The fitness industry in the United States has seen an escalated level of interest in the restorative fitness segment over the past decade, namely in the yoga-pilates-barre trio. A couple of us in the Quilt.AI team are fans of this trio of workouts as well.
The incredibly varied health benefits that are attached to the strength building and stress release of these workouts, along with the rising importance of mental health over the pandemic has made this segment all the more attractive to gym-goers.
And, as for why we’re calling this trio the Comfort Fitness trio: these workouts are calmer and offer a different vibe from other hot workouts such as Crossfit, Spinning, and others that are of higher intensity.
Investigating consumer sentiment: the appeal of restorative fitness through our Culture AI
How are comfort fitness enthusiasts communicating their experiences on social media? Our Culture AI examined over 1300 posts on Twitter and Instagram, scanning hashtags such as #YogaEveryDamnDay, #PilatesLovers, and #BarreSoHard.
Looking at the word cloud data of the top used words in Twitter posts, some key themes that emerged were those centered around “new classes” and “online workouts”. The COVID-19 pandemic’s nation-wide lockdown forced people to adapt to a new fitness regime at home including Youtube tutorials, workouts on boutique fitness apps, and instructor-led zoom lessons. People’s documenting of workout experiences have acknowledged this swap to remote workouts.
A noticeable cluster of words linking fitness with physical as well as holistic strength-building was detected too. Words such as “strength”, “flexibility”, and “well-being” were found.
We also ran the posts through our emotion analysis models, and found that the top 5 emotions that were highlighted were those of Happiness, Sensuality, Creativity, Affiliation, and Solitude.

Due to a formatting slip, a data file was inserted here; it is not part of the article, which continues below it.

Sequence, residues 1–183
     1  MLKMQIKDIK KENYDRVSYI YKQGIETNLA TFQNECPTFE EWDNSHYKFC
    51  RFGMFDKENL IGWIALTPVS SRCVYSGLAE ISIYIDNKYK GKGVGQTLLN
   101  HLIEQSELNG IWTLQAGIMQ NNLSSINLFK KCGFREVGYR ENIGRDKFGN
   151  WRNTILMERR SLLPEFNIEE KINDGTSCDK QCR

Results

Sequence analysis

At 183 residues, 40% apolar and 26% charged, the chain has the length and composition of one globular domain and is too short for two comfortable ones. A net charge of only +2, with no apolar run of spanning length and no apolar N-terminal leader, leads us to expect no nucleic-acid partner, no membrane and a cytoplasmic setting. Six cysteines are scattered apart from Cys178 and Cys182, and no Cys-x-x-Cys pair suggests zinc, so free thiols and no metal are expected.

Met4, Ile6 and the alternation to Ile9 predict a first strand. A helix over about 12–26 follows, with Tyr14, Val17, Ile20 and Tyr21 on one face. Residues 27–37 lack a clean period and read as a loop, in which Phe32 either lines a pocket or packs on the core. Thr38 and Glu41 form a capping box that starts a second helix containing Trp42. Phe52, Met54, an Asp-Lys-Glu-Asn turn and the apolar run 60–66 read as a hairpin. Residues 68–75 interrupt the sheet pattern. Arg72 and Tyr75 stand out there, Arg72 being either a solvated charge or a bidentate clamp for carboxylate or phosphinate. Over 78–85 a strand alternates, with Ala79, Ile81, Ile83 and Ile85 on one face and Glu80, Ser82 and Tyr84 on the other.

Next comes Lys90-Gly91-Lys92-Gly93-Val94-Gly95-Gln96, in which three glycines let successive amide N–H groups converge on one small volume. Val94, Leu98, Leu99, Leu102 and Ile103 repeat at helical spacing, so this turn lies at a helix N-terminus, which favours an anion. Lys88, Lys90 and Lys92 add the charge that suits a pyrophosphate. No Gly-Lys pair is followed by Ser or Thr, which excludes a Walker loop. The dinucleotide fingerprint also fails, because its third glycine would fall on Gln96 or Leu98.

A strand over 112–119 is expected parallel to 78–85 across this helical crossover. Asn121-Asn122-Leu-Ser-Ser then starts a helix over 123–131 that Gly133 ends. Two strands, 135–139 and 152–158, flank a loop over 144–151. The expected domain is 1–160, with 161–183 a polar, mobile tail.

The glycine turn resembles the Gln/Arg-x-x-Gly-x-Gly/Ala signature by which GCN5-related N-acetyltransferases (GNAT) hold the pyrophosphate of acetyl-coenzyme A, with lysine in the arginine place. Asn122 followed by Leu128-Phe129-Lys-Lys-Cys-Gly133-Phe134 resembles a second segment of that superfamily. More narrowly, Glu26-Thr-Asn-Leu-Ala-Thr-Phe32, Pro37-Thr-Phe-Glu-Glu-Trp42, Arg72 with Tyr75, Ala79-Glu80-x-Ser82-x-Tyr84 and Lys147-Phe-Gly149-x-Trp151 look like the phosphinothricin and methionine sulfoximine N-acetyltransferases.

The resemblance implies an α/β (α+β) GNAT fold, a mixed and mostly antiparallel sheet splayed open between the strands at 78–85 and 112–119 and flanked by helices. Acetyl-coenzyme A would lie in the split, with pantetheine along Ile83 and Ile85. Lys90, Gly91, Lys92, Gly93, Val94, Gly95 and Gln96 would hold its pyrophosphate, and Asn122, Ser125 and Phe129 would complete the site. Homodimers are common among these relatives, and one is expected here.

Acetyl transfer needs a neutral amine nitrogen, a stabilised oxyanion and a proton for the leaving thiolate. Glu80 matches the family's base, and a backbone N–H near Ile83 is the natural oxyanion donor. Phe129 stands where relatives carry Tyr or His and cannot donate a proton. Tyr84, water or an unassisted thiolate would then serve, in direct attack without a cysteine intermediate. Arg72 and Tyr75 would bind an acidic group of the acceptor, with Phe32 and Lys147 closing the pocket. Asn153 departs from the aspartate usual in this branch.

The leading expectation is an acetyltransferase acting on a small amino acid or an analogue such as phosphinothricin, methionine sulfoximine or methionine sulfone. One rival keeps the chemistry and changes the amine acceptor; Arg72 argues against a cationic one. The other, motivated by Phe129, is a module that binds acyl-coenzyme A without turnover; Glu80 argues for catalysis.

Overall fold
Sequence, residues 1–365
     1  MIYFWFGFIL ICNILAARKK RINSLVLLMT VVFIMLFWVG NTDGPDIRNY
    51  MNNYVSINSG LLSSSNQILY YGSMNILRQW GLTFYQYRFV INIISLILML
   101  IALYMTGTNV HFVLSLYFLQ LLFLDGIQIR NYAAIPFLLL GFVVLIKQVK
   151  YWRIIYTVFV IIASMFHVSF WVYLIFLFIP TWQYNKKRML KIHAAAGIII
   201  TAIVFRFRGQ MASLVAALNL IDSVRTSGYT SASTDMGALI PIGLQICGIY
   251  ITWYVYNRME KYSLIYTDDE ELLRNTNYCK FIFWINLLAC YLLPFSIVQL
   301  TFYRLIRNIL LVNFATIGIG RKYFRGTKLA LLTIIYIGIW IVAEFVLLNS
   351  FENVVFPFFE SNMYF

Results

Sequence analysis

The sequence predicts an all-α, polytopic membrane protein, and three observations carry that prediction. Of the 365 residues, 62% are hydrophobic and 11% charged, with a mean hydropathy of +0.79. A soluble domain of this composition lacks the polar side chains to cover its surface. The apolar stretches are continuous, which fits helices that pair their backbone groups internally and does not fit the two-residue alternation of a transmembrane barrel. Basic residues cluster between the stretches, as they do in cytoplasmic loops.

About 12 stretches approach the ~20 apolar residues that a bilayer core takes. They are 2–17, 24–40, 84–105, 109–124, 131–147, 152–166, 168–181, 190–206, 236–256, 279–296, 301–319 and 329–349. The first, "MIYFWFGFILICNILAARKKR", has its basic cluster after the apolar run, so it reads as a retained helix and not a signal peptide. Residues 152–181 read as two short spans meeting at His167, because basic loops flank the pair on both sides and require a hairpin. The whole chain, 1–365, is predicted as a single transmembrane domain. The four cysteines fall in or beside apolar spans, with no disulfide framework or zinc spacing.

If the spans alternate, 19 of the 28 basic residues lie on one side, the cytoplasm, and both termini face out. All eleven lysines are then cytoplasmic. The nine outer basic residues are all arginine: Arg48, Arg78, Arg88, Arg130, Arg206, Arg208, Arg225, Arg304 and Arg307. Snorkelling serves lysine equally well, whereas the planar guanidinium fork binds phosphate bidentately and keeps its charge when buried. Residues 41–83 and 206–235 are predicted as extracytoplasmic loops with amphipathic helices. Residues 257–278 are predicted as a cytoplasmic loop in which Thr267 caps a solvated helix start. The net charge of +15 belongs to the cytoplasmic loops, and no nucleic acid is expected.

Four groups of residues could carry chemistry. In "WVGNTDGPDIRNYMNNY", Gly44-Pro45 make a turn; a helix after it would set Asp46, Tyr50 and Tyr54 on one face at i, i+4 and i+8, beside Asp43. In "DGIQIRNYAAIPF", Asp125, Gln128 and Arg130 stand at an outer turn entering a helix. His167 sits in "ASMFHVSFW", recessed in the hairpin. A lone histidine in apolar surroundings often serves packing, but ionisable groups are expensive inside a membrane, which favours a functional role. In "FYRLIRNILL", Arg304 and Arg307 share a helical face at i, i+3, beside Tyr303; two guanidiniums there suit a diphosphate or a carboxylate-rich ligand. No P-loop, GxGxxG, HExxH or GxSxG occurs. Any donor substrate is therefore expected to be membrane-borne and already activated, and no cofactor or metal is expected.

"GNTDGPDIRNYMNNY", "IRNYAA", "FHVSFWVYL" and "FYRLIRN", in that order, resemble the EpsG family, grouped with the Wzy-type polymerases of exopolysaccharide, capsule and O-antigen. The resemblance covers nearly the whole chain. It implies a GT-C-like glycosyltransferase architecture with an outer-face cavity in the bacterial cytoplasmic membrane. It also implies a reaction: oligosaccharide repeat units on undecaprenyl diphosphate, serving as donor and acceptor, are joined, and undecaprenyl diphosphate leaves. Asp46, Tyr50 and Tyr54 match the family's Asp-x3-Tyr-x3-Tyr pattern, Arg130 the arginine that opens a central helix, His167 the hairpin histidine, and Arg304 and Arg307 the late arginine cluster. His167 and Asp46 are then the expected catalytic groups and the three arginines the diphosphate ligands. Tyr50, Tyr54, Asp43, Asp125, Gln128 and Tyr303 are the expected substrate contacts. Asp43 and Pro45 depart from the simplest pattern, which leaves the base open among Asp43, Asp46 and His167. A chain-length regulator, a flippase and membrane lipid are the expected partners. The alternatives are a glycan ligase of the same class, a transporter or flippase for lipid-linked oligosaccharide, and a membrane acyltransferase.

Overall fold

The emotions of Sensuality and Creativity are detected here for images where people are holding poses and engaging in workout movements such as Yoga Asanas (body posture) or Ballet Barre. All three of the fitness regimes involve slow and elaborate gestures that depict these sentiments.
The sentiments of Solitude and Affiliation are also significant as they call attention to the sensation that is felt by most people while doing these workouts.
Unlike traditional forms of intensive exercises, restorative fitness creates a feeling of calm, retirement, and oneness by connecting the person to their body and self, and is therefore said to help with overall mental health and wellness.
All in all, the emotion of Happiness ties in to all of the emotions above as it relates to the feeling of zen felt by the individual during and post the workout.
After analyzing the text and image data, we were able to identify four main factors that motivated consumers to opt for restorative fitness workouts as opposed to traditional high-intensity workouts.
Increased strength and immunity
The biggest incentive consumers have to engage in these workouts is their holistic focus on physical health and wellbeing. It is said that 61% of all people that start yoga do so for the purposes of increasing their flexibility, something they cannot do as effectively with other forms of exercise.